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By Emily Conover
The American Institute of Physics (AIP) announced the selection of its new chief executive officer (CEO), Robert Brown, in May. And according to Brown, change will soon be coming to the 80-year-old federation of scientific societies. He has plans to revamp the organization — which unites 10 different membership societies, including APS — by improving the benefits it provides, like Physics Today magazine, and by boosting the AIP presence on digital platforms and social media. Brown adds that with his background in private-sector physics he can help the organization better serve scientists who work outside of academia.
“I’ve arrived to find a really vibrant and high-quality set of people here,” says Brown.” To a large extent, people, I think, are willing and ready and looking for change and improvement in the future, so that’s what I’m going to be trying to bring.”
Brown is prepared to implement these changes, he says, thanks to diverse experience throughout his career. An applied physicist focusing on optics and photonics, Brown has worked in government labs, in academia, and in the private sector, from small startups to the largest international companies, as well as in scientific publishing.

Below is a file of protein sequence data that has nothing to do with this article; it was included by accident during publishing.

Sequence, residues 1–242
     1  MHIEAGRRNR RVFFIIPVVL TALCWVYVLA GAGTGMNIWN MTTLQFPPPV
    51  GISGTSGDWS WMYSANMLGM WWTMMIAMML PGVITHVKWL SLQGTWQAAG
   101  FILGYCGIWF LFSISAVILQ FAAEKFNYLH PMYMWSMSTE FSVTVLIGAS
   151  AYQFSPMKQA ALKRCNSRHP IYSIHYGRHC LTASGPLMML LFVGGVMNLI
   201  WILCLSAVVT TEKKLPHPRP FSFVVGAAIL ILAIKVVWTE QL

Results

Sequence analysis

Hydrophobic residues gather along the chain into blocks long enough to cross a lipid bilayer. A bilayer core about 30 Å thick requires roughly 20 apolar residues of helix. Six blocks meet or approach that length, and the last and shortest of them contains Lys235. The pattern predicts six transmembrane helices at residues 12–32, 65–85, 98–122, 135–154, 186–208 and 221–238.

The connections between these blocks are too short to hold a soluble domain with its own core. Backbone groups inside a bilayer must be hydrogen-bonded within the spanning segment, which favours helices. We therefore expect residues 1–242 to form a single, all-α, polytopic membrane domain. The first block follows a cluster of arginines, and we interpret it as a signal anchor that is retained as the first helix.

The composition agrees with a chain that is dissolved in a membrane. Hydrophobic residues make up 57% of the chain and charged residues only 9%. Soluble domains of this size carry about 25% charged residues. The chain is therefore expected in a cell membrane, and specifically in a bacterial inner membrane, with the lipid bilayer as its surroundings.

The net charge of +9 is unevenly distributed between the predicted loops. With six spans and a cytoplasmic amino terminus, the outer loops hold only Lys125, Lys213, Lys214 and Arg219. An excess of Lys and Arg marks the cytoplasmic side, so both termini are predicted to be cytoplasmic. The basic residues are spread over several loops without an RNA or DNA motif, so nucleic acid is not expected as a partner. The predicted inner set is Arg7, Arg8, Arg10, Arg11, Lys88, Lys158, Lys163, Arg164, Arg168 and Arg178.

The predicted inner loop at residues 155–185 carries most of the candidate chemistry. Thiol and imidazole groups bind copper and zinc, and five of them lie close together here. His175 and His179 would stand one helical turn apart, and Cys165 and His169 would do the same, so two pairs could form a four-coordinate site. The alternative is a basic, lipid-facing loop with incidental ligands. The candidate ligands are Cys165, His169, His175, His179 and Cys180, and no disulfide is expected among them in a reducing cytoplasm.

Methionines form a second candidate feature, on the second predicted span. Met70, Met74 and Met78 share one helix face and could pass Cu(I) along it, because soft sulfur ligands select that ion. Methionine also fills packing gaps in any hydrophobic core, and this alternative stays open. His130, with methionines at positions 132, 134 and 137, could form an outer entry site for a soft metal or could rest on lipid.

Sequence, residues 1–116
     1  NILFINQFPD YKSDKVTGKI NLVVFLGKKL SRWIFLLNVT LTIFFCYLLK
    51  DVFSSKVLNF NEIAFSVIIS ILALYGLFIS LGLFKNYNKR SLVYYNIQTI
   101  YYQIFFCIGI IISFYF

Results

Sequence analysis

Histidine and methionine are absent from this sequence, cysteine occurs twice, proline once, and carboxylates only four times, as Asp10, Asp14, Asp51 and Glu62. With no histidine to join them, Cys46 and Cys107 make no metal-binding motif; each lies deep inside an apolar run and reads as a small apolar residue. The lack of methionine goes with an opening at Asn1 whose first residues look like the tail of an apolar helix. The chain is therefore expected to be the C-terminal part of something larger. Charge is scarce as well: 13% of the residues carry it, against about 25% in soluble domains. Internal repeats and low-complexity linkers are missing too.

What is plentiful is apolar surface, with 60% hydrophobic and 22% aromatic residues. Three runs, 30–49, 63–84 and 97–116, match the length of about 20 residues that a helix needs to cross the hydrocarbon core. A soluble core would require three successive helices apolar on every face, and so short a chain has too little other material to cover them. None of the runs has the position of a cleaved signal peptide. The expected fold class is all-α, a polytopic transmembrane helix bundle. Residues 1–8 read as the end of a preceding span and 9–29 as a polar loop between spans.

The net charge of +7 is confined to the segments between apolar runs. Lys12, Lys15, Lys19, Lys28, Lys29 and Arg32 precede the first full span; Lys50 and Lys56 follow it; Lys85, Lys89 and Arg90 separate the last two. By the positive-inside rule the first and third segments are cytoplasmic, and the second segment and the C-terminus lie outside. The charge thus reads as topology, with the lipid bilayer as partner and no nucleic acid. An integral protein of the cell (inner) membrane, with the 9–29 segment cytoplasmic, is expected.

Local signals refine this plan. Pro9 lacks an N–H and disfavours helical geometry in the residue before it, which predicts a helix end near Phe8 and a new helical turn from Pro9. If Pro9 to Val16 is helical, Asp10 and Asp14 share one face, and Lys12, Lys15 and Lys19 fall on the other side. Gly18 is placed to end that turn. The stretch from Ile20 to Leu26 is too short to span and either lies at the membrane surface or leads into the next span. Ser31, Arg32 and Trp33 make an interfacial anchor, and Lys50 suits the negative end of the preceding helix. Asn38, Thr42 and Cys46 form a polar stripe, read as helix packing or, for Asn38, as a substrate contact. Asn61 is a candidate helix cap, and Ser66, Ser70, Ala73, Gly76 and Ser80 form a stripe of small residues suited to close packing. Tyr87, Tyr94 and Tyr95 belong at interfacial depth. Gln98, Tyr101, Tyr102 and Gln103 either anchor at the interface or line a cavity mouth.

Brown’s interest in optics is a long-term love affair. The subject piqued his interest at a young age, he says, when he began performing some simple experiments and “just realizing that there’s some really interesting questions to be asked and some fascination in playing with light.”
Brown spent his early career at the Royal Radar Establishment, a military research center in Malvern, England, where he worked in photonics, quantum optics, and in photon-correlation systems. He then became head of optoelectronics research and general manager at Sharp Laboratories of Europe, creating a new lab from the ground up. That was followed by a stint as editorial director for the Institute of Physics (IOP) in the U.K., where he was responsible for the IOP’s peer-reviewed journals, before heading to Northern Ireland to become director of nanotechnology and professor at Queen’s University Belfast. After moving to the U.S. about ten years ago, Brown became chief technology officer of Ostendo Technologies, and later worked at Rockwell Collins’ Advanced Technology Center. “This position as chief executive of AIP is a position where I’m challenged to use everything that I’ve learned in all those different background places in the past,” Brown says. “So in a way the last 40 years has been a training course.”
Besides APS, AIP member societies also include the American Astronomical Society, the Acoustical Society of America, and the American Association of Physics Teachers. Simultaneously supporting the 10 member societies, which vary widely in their needs, is a challenge, Brown says. Some of AIP’s member societies have a few thousand members, and others, like APS, have tens of thousands.